Widget Image
© Asia Pacific Fire & MDM Publishing Ltd.

Nepal Earthquake update

The official death toll is now at 2,500 and 5000 serious injuries, unofficially estimates are that the number of fatalities will climb to 10,000 when outlying areas are reached. Rescuers are searching frantically for survivors of the huge 7.9 quake which was followed by many aftershocks some as large as 6.6.

Airlifts are taking victims of an avalanche at Everest base camp to Kathmandu, 17 climbers are known to have died, and there are still people missing on the mountain.

Terrified residents of Kathmandu are forced to spend the night trying to sleep out on the streets and open ground in makeshift tents as aftershocks make it unsafe to move inside. Although the daytime temperature is 25C, overnight it gets down to 5C.

Weather forecasters warned that rain was on the way, with dark clouds looming over Kathmandu that promised more misery for the displaced survivors.

The historic nine-storey Dharahara tower, a major tourist attraction, was among the buildings brought down, with at least a dozen bodies taken away from the ruins of the 19th century tower.

Offers of help poured in from governments around the world, with the United States, European Union and Australia announcing they were sending in disaster response teams.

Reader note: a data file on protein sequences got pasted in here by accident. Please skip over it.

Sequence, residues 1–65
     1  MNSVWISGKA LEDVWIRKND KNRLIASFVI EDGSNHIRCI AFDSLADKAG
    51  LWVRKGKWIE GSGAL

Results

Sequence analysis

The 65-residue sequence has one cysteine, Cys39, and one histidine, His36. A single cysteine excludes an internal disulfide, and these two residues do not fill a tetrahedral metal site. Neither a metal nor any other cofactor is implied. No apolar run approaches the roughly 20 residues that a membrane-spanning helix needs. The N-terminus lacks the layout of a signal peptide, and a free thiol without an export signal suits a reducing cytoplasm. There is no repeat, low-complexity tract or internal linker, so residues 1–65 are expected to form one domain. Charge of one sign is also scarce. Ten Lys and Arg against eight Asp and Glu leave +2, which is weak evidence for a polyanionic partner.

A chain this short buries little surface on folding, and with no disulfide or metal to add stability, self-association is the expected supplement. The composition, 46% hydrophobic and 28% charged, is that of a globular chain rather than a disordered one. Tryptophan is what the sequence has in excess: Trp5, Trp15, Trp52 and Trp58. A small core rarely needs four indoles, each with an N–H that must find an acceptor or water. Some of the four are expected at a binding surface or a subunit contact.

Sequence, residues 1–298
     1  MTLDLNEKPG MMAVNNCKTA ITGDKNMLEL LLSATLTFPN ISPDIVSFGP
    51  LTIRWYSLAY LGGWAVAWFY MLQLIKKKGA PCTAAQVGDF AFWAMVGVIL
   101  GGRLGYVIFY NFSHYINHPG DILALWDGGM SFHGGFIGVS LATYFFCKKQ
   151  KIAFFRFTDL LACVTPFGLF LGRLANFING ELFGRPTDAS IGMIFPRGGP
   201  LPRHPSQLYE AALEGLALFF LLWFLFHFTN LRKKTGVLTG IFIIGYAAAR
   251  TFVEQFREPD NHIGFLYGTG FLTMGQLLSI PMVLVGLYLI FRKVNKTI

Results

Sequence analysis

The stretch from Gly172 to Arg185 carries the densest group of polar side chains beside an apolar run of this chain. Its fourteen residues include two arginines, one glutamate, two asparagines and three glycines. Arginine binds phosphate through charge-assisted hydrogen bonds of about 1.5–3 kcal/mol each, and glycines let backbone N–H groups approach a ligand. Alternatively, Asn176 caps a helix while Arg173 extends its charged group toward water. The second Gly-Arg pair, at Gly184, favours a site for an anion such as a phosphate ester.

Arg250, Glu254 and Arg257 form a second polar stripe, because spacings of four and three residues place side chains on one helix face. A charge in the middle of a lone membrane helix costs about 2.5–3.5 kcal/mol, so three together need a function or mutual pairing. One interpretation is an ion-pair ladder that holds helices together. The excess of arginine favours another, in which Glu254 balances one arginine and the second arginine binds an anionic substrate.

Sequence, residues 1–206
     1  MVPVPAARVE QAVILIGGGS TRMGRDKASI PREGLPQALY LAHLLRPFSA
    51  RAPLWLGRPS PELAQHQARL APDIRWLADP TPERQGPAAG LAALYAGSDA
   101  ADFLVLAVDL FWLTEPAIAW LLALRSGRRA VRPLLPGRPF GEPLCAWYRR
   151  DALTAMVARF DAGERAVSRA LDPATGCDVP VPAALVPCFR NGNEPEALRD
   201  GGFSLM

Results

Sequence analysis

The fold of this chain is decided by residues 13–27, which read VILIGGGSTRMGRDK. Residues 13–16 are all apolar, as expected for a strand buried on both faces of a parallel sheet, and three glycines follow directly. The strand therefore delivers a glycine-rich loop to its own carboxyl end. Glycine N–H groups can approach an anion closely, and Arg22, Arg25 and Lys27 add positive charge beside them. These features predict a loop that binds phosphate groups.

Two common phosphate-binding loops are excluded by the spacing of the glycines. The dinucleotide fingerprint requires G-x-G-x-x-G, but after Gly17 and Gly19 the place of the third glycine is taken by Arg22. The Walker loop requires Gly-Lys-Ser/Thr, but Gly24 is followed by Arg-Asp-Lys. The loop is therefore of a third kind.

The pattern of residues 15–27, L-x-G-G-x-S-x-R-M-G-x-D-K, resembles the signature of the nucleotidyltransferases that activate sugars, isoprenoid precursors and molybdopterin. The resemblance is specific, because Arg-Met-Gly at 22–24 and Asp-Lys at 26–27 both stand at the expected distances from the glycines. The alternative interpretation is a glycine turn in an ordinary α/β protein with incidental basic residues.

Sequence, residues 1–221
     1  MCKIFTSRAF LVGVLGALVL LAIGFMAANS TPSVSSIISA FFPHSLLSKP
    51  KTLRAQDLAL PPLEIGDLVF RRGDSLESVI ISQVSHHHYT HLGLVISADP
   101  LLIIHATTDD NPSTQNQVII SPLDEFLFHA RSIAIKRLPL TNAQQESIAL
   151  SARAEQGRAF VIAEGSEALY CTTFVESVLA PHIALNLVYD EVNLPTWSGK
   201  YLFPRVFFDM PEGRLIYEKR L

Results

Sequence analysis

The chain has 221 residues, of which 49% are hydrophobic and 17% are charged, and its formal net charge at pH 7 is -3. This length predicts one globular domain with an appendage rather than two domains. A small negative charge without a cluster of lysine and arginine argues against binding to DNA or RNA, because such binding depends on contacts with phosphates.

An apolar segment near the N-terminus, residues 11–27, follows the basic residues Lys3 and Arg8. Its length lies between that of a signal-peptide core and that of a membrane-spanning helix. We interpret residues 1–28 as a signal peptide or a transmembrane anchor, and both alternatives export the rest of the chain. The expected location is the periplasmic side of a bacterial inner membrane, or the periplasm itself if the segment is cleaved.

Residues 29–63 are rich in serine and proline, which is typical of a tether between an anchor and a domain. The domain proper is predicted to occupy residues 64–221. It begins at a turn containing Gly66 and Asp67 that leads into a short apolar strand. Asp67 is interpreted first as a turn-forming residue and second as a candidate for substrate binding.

Chinese state media said 17 people had also been killed in Tibet as Beijing sent a team of 62 rescuers, accompanied by sniffer dogs, to help the hard-pressed emergency workers in Nepal. At least 49 people have died in neighbouring India. India flew out its stranded citizens in military planes.

The county’s mobile phone network was working only sporadically, while large parts of the capital were without electricity.

As rescuers sifted through the huge mounds of rubble, the hospitals were overflowing with victims who suffered multiple fractures and trauma. Medics were working out of a tent set up in a parking lot because of overflowing patients, while some patients were too scared to stay in the building.

The earthquake is Nepal’s worst since a magnitude-8.3 quake struck the impoverished Himalayan nation in 1934, killing over 8,500 people, this earthquake was more destructive because it was shallower, toppling buildings, opening gaping cracks in roads and sending people scurrying into the open as aftershocks rattled their damaged homes.

The US Geological Survey said the magnitude-7.9 quake struck 77 kilometres north-west of Kathmandu at lunchtime (local time), with walls crumbling and families racing outside their homes.

Image courtesy of Krish Dulal

Share With:
Rate This Article

Asia Pacific Fire, Editor